This deadlift for beginners guide is for anyone new to strength training or looking for solutions to chronic joint pain. For many, deadlifting can be an intimidating exercise. You’ve probably heard stories of someone injurying their back while lifting. Maybe you’ve seen videos of huge guys lifting 500 lbs and thought…’ehhh…not for me’. If you’re someone who has been dealing with joint pain I 100% understand the hesitation.
With that being said, the deadlift is the most effective exercise to build full body strength to limit impact on our joints. It needs to be part of any plan to solve joint pain with strength. In this deadlift for beginners series I will teach you how to perform, common mistakes, and different variations to help you master your lift.
Deadlifting For Beginners – How To Perform
Before attempting to deadlift it’s important that you have a solid movement foundation. If you haven’t already, please check out our step-by-step guide to learn how to transition your hinge into the deadlift. Once you’ve built a solid movement foundation it’s safe to move to the deadlift.
I start beginners with a kettlebell lift (vs. a barbell lift) because it’s safer and easier to control. To perform the kettlebell deadlift:
- Place your feet on the outside of weight. Hands should fall directly over weight.
- Reach your hips back until tension is felt in hamstrings.
- Once tension is felt, then bend your knees to reach the weight. This helps you avoid rounding your lower back.
- At the bottom of the position, be sure to keep your hips down and chest up.
- Develop tension in your hamstrings by slightly lifting hips (keeping chest up).
- Brace your abs.
- Press through the floor to lift the weight and return to standing position. Avoid raising hips before your trunk (see in mistakes below).
- Lower weight back down with the hinge, bending knees to get weight all the way to floor.
- Reset and repeat.
Watch the video below for a video demonstration of how to perform the deadlift.
Common Deadlift Mistakes And How To Fix Them
While a seemingly simple movement, there is a lot that can go wrong. Especially when we get to heavier weights and more repetitions. I’ve worked with a lot of deadlift beginners over the years and seen a lot of mistakes. The following are a few of the most common mistakes beginners make below:
Starting With Feet Too Far Back
When dropping down to pick up the kettlebell, your hands should fall directly over the bell. If you line up too far behind the kettlebell you’ll be forced to reach forward – which increases tension on your back and can lead to an injury.
Chest Falling Forward (Hips Too High)
Keeping your chest up while performing the deadlift ensures we on’t use our back to lift the weight from the ground. Be sure to bring your hips down and chest up before pulling from the ground.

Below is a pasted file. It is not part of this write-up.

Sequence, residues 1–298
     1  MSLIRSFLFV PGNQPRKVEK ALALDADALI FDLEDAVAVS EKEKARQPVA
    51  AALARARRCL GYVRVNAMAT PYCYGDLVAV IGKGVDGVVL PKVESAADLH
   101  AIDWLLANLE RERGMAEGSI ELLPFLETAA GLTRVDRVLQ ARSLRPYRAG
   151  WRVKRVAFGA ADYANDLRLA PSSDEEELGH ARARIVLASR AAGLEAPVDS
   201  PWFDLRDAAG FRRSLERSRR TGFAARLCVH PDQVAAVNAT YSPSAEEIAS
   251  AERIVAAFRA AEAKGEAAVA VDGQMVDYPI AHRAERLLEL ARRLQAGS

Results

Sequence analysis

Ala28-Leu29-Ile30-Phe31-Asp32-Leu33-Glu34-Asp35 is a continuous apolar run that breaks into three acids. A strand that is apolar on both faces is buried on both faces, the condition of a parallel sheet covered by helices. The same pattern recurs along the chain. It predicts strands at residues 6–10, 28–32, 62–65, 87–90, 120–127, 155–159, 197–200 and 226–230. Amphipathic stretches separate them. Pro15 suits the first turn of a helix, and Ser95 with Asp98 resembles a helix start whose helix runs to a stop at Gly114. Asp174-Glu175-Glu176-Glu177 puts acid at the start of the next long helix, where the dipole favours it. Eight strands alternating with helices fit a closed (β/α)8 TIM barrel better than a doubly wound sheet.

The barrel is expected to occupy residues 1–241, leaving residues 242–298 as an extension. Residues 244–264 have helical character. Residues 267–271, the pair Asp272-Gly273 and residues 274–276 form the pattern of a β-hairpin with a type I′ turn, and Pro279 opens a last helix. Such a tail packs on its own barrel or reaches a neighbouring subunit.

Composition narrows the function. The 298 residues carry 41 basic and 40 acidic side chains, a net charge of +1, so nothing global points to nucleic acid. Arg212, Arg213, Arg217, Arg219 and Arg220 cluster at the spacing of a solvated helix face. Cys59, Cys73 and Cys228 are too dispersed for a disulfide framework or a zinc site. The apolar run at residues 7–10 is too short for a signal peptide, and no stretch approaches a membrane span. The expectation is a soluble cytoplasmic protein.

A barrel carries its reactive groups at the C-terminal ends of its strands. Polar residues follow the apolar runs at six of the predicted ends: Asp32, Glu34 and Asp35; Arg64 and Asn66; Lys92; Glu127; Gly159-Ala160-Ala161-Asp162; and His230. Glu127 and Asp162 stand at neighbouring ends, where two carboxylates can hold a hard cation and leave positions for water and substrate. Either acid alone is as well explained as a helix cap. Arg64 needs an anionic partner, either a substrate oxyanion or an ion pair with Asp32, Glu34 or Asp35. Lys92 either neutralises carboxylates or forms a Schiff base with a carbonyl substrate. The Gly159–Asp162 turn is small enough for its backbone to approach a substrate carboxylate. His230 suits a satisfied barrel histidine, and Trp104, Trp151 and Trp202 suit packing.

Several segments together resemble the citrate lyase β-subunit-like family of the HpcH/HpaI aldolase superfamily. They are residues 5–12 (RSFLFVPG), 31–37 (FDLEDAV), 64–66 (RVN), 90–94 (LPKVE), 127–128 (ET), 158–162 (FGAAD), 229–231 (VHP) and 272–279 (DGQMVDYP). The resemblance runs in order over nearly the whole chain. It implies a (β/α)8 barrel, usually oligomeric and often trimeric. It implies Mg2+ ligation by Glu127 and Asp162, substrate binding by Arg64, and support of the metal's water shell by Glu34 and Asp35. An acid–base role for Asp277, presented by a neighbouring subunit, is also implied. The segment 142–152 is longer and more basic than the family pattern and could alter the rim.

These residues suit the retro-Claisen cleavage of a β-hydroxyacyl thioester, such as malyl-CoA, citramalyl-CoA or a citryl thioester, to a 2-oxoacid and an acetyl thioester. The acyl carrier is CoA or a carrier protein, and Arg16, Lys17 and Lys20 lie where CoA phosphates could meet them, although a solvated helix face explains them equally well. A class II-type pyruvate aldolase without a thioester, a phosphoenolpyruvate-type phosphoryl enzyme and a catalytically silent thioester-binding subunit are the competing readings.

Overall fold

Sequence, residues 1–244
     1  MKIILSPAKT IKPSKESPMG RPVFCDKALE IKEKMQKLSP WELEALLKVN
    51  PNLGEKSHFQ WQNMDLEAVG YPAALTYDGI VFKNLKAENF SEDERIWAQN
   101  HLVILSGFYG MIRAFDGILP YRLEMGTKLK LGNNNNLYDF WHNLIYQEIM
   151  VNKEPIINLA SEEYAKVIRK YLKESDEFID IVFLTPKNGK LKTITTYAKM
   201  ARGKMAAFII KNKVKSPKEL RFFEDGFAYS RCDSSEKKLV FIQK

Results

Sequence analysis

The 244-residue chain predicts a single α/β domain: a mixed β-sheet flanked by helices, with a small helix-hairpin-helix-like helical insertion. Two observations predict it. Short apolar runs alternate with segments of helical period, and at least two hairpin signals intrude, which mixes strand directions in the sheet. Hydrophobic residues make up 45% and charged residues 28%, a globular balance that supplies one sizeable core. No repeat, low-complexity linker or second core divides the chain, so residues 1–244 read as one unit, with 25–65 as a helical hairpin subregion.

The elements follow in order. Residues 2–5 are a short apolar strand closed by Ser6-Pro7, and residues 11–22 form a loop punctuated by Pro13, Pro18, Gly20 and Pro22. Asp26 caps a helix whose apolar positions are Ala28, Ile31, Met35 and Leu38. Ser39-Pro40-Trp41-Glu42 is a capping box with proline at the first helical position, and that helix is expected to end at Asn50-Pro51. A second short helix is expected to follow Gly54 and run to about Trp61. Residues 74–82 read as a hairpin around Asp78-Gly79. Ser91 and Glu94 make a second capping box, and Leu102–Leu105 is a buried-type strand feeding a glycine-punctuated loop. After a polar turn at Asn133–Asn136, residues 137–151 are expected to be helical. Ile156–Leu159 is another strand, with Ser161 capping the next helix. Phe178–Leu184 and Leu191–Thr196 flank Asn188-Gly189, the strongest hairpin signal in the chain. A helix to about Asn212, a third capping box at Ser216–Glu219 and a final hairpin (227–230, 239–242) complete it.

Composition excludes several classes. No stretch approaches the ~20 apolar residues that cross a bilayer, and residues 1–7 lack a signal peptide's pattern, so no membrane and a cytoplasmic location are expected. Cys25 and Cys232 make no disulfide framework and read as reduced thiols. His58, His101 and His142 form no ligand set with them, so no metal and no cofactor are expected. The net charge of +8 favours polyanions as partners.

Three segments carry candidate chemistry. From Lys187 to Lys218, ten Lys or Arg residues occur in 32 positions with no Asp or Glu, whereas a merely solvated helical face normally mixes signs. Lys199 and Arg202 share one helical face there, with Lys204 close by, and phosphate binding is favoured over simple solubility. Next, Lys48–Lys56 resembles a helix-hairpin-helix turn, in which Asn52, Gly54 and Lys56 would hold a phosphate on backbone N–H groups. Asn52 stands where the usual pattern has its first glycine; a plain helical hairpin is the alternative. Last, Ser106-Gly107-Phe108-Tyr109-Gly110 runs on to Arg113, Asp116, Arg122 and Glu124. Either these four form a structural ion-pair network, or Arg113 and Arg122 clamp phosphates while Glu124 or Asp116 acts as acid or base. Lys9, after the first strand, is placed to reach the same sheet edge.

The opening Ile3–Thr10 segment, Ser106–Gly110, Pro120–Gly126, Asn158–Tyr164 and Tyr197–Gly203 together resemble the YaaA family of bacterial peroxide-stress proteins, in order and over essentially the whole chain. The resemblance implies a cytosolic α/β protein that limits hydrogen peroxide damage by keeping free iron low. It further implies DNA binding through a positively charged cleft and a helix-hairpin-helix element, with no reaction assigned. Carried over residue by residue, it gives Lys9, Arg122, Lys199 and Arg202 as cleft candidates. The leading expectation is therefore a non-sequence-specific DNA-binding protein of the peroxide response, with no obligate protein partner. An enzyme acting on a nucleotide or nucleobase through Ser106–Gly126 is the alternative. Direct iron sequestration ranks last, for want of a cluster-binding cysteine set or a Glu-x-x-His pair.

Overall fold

Not Controlling Spinal Movement
Too much spinal movement can lead to more much impact on our joints. Bracing your abds before lifting will lock your pelvis and spine in place to prevent too much force from going through the strictures of your spine.
The ‘Stripper’ Deadlift
When lifting from the ground your hips and trunk should raise at the same time. Raising your hips first, followed by the trunk resembles a dance move and why it has become known as the ‘stripper’ deadlift (see video). This altered movement pattern can cause more force on yoru lower back and lead to injury.
Not Setting Weight Down With Care
When performing a deadlift, it’s important to place just as much care setting down the weight as you do picking it up. Slopily setting the weight down is one of the most common ways beginners injure their lower back.
Deadlift For Beginners: Deadlift Variations
Once you’ve mastered the kettlebell deadlift, you can further challenge yourself with different lift variations variations. Here are just a few more fun ways to practice the hinge to build strength and protect your joints.
Elevated Kettlebell Lift
We use the elevated kettlebell lift to further ingrain the hip hinge pattern and transition to the deadlift movement. But this variation (also called a rack pull when performed with a barbell) is a great way to lift heavier weight and build more strength.
Stiff Leg Deadlift
As the name implies, the stiff leg deadlift is a variation that limits hip and knee bending. It’s used to target your lower back extensors and postural muscles (posterior chain). Be careful with this variation if you have concerns about hip or back pain.
The Romanian deadlift starts from a standing position and requires an eccentric contraction of the glute hamstrings and back for building strength. It’s another great variation for building posterior chain strength (glutes, hamstrings, and postural muscles).
For anyone new to strength training or dealing with chronic pain, the deadlift can be an intimidating exercise. However, it is one of the most effective exercises at building full body strength to limit impact on your joints. I hope this deadlift for beginners guide gives you the guidance and confidence to incoporate some sort of lifting into your routine. Give it a try and email me at firstname.lastname@example.org if you have any questions.
And be sure to download our free program ‘Solving Pain With Strength’ for an approachable, step-by-step guide to improving movement and strength.